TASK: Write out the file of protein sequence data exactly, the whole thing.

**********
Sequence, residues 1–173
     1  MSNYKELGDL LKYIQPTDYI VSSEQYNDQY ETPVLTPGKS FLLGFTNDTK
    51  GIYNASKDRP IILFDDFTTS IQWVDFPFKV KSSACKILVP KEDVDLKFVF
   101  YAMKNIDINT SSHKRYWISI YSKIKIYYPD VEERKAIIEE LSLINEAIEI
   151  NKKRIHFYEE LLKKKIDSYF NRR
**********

Sequence, residues 1–173
     1  MSNYKELGDL LKYIQPTDYI VSSEQYNDQY ETPVLTPGKS FLLGFTNDTK
    51  GIYNASKDRP IILFDDFTTS IQWVDFPFKV KSSACKILVP KEDVDLKFVF
   101  YAMKNIDINT SSHKRYWISI YSKIKIYYPD VEERKAIIEE LSLINEAIEI
   151  NKKRIHFYEE LLKKKIDSYF NRR